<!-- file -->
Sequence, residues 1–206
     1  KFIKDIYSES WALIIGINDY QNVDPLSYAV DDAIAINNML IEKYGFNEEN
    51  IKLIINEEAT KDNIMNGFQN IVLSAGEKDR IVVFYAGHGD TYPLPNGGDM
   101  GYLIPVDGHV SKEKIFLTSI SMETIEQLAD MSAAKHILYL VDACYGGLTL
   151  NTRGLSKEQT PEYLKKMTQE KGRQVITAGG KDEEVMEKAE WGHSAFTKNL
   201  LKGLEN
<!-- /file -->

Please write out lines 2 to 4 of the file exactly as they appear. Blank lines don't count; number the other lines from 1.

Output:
     1  KFIKDIYSES WALIIGINDY QNVDPLSYAV DDAIAINNML IEKYGFNEEN
    51  IKLIINEEAT KDNIMNGFQN IVLSAGEKDR IVVFYAGHGD TYPLPNGGDM
   101  GYLIPVDGHV SKEKIFLTSI SMETIEQLAD MSAAKHILYL VDACYGGLTL